A second day of more reflective demonstrations drew protesters to downtown Minneapolis on Saturday night, where activists intermittently blocked vehicle and light-rail traffic to protest the acquittal of officer Jeronimo Yanez in the shooting death of Philando Castile.

The event, dubbed the “Solidarity March Against Police Violence and White Silence,” followed an evening rally at Loring Park that featured calls for an end to police shootings and for more minority involvement in politics.

Organizers delivered impassioned speeches about their lack of faith in America’s criminal justice system. But speakers also took a hopeful tone, urging about 200 supporters that the only way to move forward was to continue making their voices heard.

Minneapolis activist and mayoral candidate Nekima Levy-Pounds, who organized the last-minute march, spoke of how the verdict affected her and urged others to share their stories during a de facto community forum at the park. “For many of us, we face daily discomfort for the skin we’re in — skin that’s no fault of our own,” she said. “If the white majority got outraged enough about police violence, things would change.”

Despite the traffic disruptions, Saturday’s march — as well as a neighborhood meeting held in St. Paul earlier in the day — were more muted responses to the acquittal of Yanez than Friday’s protests that resulted in a tense, hourslong standoff with authorities. Organizers said the group would not attempt to march on the freeway this time around.

Samantha Pree-Stinson, a candidate for City Council in Minneapolis’ Third Ward, stressed that social justice would not come without new local leadership — or a willingness to flood voting booths. She advocated that residents support minority candidates, who truly understand the inequalities the city is seeking to address.

As the multiracial gathering got underway, protesters marched north on Hennepin Avenue, blocking cars and Metro Transit buses as they went. Every few blocks, marchers would occupy popular intersections and solicit passersby to join their cause. Just before 8 p.m., they stopped in front of the First Precinct headquarters before heading back south on Hennepin to the park.

Outside the downtown police precinct, Levy-Pounds addressed a group of bike officers, asking why their presence was necessary when several squad cars already shadowed the march. One officer said they were there to provide further security and protect pedestrians. When some in the crowd booed that response, the mayoral candidate asked them to take the officers at their word.

She then told the officers that if they are to regain trust by the community, they must speak out against the actions of others like Yanez.

Others were less optimistic.

“The system is evil to its core,” longtime activist Mel Reeves said earlier in the march. “We can’t have a relationship with folks that are trying to kill us.”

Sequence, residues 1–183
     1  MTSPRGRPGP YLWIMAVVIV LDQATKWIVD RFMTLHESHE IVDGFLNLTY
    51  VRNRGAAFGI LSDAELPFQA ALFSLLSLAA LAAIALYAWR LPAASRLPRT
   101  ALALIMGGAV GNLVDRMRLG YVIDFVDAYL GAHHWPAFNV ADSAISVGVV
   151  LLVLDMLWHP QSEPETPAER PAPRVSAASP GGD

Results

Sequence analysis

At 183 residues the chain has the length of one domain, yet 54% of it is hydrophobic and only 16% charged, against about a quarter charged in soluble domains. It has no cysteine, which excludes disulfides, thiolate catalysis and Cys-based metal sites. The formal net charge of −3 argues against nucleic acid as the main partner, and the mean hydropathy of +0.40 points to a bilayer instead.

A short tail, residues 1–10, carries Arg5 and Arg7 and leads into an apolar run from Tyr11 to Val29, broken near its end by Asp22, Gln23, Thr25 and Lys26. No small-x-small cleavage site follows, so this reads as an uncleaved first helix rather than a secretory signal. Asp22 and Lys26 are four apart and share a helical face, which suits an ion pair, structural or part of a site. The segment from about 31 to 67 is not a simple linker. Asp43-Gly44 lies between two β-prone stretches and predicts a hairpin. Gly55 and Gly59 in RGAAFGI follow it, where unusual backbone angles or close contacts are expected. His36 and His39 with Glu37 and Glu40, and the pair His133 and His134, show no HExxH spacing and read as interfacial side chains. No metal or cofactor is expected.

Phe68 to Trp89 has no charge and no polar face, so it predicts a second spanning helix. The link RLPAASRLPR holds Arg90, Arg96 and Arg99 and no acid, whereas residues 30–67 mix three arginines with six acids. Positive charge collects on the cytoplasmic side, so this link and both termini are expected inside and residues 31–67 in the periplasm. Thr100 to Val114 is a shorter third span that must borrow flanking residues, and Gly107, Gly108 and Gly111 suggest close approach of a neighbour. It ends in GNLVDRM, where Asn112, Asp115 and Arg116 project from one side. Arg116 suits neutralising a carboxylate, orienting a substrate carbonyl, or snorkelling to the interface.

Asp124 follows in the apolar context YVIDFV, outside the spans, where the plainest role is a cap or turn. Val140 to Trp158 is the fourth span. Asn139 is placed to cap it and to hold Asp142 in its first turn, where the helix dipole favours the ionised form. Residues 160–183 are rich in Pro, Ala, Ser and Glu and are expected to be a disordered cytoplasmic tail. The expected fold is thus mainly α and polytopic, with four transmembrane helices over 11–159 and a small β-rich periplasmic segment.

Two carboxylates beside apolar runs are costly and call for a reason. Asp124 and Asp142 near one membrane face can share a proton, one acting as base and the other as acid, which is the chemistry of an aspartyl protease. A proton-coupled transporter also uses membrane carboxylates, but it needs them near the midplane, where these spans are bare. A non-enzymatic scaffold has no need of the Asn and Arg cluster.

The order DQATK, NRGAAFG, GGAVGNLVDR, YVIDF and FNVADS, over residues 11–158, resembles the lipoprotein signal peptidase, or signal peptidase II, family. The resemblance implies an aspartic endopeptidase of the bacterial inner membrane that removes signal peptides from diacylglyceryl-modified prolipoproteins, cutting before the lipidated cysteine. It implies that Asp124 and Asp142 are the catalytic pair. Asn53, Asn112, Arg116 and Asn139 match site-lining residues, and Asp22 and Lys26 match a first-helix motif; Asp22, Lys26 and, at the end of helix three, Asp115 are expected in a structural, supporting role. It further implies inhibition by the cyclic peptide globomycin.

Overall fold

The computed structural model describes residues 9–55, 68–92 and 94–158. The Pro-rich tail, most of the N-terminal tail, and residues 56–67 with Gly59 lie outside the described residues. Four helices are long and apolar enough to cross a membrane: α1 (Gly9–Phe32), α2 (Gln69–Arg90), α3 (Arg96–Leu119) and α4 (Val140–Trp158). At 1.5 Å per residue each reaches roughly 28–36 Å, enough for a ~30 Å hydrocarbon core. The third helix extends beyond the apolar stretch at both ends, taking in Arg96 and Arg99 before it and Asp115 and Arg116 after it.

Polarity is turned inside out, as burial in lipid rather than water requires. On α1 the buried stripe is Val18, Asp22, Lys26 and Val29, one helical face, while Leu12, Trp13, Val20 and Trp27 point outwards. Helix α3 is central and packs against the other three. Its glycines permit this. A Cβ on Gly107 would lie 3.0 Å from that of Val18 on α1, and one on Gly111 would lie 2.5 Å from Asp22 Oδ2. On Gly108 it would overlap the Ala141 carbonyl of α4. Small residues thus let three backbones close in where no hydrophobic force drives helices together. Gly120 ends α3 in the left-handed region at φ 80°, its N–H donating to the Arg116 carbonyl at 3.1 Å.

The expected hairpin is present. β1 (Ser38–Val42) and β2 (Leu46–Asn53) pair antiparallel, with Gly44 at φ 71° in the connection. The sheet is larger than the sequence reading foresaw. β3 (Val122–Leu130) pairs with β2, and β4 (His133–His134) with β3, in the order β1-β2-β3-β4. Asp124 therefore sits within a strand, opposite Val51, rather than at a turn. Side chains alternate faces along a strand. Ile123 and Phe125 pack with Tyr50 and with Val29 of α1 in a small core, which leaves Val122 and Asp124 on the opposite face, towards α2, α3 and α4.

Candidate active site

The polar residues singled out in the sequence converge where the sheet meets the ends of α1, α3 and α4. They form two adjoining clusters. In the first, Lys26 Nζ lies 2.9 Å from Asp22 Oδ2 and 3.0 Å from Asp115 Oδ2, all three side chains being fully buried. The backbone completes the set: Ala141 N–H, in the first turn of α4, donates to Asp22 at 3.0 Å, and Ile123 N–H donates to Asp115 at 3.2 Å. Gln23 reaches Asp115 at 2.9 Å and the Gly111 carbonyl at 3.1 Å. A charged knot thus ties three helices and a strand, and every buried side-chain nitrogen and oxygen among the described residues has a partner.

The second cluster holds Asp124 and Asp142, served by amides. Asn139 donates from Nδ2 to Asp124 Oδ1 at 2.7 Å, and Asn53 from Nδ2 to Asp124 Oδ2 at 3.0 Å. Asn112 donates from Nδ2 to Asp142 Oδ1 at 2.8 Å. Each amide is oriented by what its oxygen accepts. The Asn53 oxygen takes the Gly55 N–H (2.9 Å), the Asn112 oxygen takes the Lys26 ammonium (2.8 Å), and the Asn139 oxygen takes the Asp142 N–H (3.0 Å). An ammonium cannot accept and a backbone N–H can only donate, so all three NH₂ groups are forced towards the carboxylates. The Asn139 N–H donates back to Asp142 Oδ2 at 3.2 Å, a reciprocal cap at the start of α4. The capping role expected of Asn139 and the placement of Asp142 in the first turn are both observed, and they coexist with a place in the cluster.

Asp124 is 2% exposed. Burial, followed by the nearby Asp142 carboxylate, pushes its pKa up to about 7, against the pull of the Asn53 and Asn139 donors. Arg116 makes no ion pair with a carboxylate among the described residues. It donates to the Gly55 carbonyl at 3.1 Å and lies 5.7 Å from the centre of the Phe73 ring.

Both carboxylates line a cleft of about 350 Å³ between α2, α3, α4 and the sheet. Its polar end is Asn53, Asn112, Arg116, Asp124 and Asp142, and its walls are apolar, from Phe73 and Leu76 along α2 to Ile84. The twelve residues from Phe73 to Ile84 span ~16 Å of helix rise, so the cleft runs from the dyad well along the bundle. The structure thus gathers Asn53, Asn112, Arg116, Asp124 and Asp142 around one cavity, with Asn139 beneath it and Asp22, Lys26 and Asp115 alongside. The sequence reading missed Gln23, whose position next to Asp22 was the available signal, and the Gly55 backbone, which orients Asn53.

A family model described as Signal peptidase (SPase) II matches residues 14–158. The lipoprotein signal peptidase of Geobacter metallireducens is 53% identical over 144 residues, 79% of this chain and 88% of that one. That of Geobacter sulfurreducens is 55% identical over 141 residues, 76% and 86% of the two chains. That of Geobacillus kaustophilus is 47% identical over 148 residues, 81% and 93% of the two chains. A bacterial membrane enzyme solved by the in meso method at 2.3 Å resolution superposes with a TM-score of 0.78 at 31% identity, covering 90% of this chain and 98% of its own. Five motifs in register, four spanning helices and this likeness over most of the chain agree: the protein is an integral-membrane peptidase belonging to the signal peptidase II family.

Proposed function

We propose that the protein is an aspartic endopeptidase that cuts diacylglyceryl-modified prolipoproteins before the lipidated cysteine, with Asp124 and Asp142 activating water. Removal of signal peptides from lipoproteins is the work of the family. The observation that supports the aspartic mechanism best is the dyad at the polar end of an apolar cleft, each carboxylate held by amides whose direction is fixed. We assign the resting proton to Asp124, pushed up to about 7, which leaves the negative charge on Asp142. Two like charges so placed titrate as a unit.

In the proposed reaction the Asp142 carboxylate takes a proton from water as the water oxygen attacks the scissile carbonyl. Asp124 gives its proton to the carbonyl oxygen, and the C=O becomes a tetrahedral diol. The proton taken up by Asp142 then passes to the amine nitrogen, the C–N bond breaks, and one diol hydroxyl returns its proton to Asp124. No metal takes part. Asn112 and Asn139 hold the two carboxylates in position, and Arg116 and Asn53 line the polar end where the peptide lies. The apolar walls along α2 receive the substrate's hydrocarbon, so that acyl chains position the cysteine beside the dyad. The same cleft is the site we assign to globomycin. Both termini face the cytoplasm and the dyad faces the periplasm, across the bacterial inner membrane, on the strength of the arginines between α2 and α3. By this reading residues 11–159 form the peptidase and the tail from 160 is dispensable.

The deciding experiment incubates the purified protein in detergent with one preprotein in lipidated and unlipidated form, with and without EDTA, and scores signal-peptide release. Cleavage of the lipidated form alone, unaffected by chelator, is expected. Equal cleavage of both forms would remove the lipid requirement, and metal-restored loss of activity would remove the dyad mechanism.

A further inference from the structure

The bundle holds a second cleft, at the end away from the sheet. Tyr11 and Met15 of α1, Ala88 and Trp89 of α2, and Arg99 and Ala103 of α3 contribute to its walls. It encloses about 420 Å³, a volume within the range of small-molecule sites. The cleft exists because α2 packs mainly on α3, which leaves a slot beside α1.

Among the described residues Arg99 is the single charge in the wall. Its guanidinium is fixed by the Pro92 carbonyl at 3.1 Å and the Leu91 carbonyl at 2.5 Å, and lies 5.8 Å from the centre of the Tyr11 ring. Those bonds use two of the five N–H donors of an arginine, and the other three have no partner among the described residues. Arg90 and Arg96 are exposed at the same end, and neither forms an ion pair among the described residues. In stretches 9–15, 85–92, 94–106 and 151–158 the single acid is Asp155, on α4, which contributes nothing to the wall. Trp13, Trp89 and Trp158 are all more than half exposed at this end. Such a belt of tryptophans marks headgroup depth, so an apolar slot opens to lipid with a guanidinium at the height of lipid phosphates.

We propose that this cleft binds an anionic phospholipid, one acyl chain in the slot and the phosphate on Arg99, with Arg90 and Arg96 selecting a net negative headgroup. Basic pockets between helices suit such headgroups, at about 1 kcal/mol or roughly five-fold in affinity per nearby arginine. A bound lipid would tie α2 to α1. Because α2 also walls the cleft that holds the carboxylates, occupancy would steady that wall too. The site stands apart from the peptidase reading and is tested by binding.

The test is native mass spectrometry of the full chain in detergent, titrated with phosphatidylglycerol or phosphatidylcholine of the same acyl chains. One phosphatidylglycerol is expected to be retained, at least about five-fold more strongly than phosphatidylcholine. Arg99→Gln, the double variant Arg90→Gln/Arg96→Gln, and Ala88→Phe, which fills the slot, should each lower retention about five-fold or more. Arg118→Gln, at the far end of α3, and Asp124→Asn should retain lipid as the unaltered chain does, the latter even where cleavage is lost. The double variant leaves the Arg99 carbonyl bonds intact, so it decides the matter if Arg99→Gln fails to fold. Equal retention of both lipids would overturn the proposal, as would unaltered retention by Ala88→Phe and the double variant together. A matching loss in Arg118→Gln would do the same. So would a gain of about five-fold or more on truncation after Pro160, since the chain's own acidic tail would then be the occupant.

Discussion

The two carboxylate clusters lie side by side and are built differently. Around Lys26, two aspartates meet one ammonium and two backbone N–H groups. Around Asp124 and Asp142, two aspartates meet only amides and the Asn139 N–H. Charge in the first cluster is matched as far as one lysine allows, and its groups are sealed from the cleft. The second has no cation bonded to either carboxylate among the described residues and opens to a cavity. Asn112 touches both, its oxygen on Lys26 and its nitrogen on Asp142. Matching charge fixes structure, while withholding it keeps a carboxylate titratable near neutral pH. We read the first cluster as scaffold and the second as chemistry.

Things were far more volatile after the verdict was announced Friday afternoon, when about 2,000 people gathered on the steps of the Minnesota State Capitol to protest and grieve.

Afterward, demonstrators marched toward the Cathedral of St. Paul, and despite organizers’ entreaties to stay off nearby Interstate 94, about 500 people poured onto the freeway about 10:30 p.m. and shut it down for a couple of hours.

The State Patrol arrested 18 people, including two working journalists.

In the middle of the night after the freeway standoff, some protesters returned to the Capitol, while others gathered outside the St. Paul home of Gov. Mark Dayton, according to police spokesman Steve Linders. St. Paul police did not arrest anyone Friday or Saturday, Linders said.

Another rally to honor Castile, focused on Father’s Day, is planned for Sunday afternoon in St. Anthony.

At midday Saturday, there were many questions but few answers during a community meeting at St. Paul College. About 75 people talked in small groups about Castile’s death, systemic racism, white privilege and police culture.

“How do we change?” one white woman tearfully asked the others seated at her table.

Emotions were raw, but conversations were peaceful in the windowed meeting room looking out at the State Capitol and the Cathedral.

Mayor Chris Coleman invoked both buildings in his opening address to the group, saying faith and government are both needed to make a more just society.

“Justice is not what happens in a courtroom. … Justice is what happens among people that gather together to say, ‘Never again,’ ” Coleman said.

Among those attending was Fatima Lawson, the principal of J.J. Hill elementary school, where Castile had worked as kitchen supervisor.

“I felt a need to come and hear what people have to say and also find a way for me to understand better what happened,” she said. “What I heard was very reassuring, very uplifting. I think there’s hope.”

“It’s nice to come together as a community,” said Jennifer West, a preschool teacher from Columbia Heights who attended the meeting with two educator friends. “I wish there were more ways we could come together outside of tragedy.”

Staff writer Miguel Otárola contributed to this report.